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Photographer Mole
     

Photographer Mole

5.0 1
by Dennis Haseley, Juli Kangas (Illustrator), Juli Kangas (Translator)
 

Everyone in town loves Photographer Mole. He's always ready with his camera on important occasions, and his fine photographs hang in every home. But Mole isn't satisfied. Something is missing&150in his photos, and in his life. So he sets off in search of it . . . and returns with a joyful surprise for his friends.

Life is much more than just watching from behind

Overview

Everyone in town loves Photographer Mole. He's always ready with his camera on important occasions, and his fine photographs hang in every home. But Mole isn't satisfied. Something is missing&150in his photos, and in his life. So he sets off in search of it . . . and returns with a joyful surprise for his friends.

Life is much more than just watching from behind a camera, and readers will rejoice as Mole discovers this truth in a book that overflows with charm and timeless beauty. Newcomer Juli Kangas makes a remarkable debut here, masterfully bringing to life Dennis Haseley's winning text.

Editorial Reviews

Publishers Weekly - Publishers Weekly
A picturesque, old-fashioned English-village setting evoked in loving detail instantly invites readers into Haseley's (A Story for Bear) sweet-natured animal tale. Bespectacled, bowler-hat-wearing Mole is a busy portrait photographer. The serious countenances of sheep, porcupines and pigs peer out from old fashioned black-and-white portraits hanging against sprightly patterned wallpaper in Mole's studio and the many homes in which he dines: "He was a popular guest... [and] told entertaining stories about the challenges of his work: how the Rabbits needed quiet so as not to be jumpy, and that the Pigs looked their best in the soft glow of sunset." Despite his full schedule, Mole feels something is missing from his life, and he sets out to find it (he returns with a wife). At first glance, Kangas's (the Furry Pal board books) watercolor-and-oil washes of handsomely costumed animals look like a cross between Rosemary Wells and Beatrix Potter; closer perusal shows distinctive, cunning touches, e.g., lawyerly geese wear bow ties and waistcoats; the flounces of a rabbit's green dress resemble lettuce leaves. Muted hues reflect Mole's understated demeanor, while the changing perspectives of double spreads and half-page illustrations add rhythm without undercutting the nostalgic mood. Ages 4-up. (June) Copyright 2004 Reed Business Information.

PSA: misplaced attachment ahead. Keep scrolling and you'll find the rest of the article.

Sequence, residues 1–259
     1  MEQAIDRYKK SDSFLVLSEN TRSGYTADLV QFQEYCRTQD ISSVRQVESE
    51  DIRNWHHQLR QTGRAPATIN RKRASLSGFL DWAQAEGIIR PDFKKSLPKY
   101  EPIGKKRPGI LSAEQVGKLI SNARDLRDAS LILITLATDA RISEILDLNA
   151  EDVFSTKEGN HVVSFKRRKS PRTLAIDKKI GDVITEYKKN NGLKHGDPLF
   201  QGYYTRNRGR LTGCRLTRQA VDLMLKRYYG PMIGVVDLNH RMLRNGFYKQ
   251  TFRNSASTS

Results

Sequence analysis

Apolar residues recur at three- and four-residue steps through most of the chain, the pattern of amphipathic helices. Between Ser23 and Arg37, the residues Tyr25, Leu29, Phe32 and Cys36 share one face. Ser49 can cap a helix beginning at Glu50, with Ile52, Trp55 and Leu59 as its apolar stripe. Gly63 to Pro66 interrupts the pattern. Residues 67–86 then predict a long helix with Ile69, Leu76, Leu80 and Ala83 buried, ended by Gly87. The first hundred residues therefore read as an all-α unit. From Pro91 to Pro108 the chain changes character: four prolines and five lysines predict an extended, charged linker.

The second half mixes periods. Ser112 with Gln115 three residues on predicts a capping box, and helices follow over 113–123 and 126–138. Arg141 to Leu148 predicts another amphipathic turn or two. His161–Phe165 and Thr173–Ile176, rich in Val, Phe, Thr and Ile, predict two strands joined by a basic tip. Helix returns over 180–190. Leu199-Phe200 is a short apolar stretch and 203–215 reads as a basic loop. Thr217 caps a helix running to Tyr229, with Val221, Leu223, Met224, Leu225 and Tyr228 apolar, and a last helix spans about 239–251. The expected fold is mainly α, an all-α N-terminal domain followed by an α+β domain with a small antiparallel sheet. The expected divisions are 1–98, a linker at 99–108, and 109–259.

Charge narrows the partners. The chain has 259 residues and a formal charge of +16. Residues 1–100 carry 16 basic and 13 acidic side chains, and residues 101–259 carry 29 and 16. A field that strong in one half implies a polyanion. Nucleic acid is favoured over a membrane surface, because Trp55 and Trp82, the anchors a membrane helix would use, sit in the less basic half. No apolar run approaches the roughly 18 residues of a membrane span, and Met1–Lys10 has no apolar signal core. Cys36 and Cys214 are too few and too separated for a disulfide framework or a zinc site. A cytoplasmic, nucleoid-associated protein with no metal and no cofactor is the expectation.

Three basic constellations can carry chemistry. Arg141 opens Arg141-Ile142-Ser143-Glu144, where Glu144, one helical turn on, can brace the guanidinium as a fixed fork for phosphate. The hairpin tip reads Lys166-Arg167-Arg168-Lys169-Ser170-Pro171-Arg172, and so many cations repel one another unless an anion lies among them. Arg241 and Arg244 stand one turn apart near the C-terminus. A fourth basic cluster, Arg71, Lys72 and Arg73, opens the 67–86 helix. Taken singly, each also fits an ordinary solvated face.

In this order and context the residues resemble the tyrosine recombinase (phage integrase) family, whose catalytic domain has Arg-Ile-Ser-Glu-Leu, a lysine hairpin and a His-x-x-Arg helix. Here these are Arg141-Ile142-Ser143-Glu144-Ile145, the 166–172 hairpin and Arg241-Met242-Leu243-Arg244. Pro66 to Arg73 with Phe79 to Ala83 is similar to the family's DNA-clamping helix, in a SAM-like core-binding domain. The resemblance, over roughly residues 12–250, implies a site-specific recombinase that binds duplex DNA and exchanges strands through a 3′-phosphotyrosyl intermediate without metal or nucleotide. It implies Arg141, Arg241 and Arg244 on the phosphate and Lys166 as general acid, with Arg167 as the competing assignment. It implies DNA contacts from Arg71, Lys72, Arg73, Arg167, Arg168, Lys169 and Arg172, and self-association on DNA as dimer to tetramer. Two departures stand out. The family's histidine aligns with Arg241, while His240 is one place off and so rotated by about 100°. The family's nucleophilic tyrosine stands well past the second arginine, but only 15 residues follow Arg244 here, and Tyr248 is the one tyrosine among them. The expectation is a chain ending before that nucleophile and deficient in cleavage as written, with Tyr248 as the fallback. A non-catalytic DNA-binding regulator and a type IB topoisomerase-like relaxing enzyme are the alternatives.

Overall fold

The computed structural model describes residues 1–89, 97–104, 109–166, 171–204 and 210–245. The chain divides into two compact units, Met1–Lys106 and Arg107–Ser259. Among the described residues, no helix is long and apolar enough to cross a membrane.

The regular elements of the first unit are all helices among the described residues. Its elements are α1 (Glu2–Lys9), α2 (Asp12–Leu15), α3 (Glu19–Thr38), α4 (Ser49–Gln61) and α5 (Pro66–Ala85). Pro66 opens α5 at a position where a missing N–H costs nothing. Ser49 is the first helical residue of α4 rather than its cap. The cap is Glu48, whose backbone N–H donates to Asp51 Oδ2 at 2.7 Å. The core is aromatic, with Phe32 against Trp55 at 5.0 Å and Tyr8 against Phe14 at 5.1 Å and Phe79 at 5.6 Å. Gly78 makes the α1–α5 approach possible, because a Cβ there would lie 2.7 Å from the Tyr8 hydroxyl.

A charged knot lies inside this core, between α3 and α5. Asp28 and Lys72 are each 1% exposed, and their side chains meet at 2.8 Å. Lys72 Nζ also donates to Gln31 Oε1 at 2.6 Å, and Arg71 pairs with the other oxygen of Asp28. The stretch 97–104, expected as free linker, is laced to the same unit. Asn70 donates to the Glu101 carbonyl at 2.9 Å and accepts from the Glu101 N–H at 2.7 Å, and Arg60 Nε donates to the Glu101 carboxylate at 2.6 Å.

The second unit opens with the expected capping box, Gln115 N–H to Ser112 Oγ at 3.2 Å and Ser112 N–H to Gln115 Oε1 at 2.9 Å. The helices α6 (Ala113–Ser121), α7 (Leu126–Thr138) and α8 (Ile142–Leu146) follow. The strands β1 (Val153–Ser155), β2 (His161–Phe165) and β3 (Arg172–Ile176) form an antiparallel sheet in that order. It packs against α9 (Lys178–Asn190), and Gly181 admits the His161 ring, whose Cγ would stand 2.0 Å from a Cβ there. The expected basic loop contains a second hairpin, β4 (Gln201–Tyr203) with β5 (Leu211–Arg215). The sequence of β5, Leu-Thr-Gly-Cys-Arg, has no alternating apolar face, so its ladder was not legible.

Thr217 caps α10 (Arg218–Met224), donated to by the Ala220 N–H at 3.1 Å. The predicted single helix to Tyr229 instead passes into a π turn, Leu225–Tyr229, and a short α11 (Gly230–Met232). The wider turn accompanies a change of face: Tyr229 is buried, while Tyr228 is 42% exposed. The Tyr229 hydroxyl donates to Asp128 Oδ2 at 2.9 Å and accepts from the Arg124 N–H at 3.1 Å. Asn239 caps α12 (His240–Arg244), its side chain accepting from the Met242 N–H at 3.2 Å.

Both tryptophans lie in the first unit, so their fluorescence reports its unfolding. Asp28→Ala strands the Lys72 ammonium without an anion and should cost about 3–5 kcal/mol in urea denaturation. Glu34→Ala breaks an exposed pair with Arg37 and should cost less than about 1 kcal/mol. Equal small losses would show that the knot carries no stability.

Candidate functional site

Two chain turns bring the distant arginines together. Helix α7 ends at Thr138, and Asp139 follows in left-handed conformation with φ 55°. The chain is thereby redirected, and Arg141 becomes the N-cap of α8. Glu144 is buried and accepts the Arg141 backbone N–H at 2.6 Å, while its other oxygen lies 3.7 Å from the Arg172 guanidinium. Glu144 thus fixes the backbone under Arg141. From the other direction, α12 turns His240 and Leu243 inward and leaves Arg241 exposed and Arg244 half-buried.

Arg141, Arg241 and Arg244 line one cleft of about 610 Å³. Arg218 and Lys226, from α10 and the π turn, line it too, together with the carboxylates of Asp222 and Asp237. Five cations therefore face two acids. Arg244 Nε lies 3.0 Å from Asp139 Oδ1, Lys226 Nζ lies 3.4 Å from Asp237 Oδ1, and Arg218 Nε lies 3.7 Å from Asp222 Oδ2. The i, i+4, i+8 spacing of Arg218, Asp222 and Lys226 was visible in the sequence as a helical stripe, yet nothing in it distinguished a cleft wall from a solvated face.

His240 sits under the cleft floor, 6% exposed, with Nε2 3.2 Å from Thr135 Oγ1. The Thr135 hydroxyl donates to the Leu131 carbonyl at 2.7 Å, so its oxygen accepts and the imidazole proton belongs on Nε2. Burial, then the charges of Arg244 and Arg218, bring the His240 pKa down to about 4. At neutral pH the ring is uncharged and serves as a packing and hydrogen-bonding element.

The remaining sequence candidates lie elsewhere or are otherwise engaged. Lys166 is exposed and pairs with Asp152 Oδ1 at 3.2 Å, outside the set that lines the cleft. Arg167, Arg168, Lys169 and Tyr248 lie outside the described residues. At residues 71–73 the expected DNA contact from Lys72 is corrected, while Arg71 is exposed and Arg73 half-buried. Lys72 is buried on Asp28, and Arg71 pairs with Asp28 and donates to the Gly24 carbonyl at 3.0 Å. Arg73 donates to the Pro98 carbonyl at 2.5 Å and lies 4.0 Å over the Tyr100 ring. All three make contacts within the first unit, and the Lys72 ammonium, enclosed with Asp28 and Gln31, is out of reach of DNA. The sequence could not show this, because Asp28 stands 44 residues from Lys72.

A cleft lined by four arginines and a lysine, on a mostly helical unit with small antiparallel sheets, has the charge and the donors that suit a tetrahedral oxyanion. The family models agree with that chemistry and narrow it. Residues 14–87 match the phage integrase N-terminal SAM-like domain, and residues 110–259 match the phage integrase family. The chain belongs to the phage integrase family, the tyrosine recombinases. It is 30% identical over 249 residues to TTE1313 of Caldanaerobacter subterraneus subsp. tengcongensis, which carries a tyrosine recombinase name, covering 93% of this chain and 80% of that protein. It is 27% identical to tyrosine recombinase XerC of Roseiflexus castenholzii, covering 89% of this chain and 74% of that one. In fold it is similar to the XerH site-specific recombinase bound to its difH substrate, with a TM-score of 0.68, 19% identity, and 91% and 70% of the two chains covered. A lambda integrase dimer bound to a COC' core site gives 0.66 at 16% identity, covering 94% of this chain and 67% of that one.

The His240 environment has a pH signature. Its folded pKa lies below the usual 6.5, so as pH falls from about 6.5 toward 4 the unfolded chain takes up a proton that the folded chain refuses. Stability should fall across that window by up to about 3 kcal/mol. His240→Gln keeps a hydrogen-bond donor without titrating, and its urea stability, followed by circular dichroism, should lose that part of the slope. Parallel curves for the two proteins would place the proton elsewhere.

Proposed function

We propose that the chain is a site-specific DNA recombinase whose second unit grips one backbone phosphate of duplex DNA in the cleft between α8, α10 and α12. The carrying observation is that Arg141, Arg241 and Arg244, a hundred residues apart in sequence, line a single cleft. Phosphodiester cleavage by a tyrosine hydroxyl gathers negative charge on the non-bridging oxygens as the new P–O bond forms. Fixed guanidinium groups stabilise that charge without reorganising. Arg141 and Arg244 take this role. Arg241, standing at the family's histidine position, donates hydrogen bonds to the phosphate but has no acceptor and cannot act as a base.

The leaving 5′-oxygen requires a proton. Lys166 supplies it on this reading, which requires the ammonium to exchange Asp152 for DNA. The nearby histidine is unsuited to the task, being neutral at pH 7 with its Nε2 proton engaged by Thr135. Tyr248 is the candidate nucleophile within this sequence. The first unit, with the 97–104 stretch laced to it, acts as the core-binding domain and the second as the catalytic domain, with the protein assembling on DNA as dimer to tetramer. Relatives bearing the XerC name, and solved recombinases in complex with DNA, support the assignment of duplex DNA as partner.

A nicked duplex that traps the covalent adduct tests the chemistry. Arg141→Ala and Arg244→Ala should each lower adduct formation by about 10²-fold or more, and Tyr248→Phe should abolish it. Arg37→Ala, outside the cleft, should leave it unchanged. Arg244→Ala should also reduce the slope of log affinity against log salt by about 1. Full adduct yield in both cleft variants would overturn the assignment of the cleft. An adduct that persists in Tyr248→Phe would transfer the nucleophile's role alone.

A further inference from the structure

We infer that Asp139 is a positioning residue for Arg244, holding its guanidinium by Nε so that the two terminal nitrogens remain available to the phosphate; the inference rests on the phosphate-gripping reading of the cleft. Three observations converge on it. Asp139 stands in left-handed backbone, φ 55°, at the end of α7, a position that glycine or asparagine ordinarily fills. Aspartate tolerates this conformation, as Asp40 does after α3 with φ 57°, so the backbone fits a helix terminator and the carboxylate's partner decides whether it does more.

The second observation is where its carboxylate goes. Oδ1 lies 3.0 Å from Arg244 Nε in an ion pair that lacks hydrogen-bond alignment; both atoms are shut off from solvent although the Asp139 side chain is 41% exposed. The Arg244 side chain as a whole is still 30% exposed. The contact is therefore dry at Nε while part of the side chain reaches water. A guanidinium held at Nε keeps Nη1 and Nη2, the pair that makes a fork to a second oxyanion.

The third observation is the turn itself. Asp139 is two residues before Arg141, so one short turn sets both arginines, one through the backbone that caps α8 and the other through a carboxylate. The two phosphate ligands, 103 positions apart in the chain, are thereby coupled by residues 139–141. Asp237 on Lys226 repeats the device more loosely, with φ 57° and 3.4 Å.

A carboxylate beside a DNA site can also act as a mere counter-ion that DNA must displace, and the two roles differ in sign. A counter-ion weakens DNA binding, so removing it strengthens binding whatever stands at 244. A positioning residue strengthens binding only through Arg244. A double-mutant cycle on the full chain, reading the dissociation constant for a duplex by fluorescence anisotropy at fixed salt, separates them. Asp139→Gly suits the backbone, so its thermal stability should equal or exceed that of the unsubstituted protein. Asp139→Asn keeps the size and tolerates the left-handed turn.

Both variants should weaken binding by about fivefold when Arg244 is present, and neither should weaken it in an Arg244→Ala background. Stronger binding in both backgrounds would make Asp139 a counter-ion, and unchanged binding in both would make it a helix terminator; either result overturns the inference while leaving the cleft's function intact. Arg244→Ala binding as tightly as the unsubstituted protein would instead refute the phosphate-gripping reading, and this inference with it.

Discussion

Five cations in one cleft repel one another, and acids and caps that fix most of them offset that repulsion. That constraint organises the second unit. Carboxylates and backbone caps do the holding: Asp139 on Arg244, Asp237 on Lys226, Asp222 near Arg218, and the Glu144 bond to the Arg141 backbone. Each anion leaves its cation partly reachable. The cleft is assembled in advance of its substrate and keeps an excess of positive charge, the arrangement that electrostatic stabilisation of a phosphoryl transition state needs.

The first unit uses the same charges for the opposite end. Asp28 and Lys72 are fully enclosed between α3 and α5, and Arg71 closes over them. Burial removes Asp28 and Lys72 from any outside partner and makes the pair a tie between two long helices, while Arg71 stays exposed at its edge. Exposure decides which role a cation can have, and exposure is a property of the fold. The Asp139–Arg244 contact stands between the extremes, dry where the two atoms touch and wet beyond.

Children's Literature
Back in time we go, to the era of the official town photographer who, holding flash powder, has his head tucked under the black cloth of his standing camera. These town folk are charming anthropomorphic animals dressed nattily in period costumes. Mole, the photographer, successfully photographs all the important occasions. But he feels that something is missing from his life, and from his pictures. Although his subjects insist that the photos are fine, Mole takes off in search of what is lacking. Folks worry about him until he finally returns, bringing with him the answer to his quest, his bride-to-be. His photos afterward are filled with himself and his happy family. Kangas's naturalistic ink, watercolor and oil wash scenes provide detailed period settings for the low-key groupings of believably appealing animals expressing satisfaction with Mole's work, puzzlement and sadness at his departure, and anticipation upon his return. The final pages display an array of photographs of the happy, growing Mole family. There is a moral here, of course, but the story works without it. 2004, Dial Books for Young Readers/Penguin Young Readers Group, Ages 4 to 8.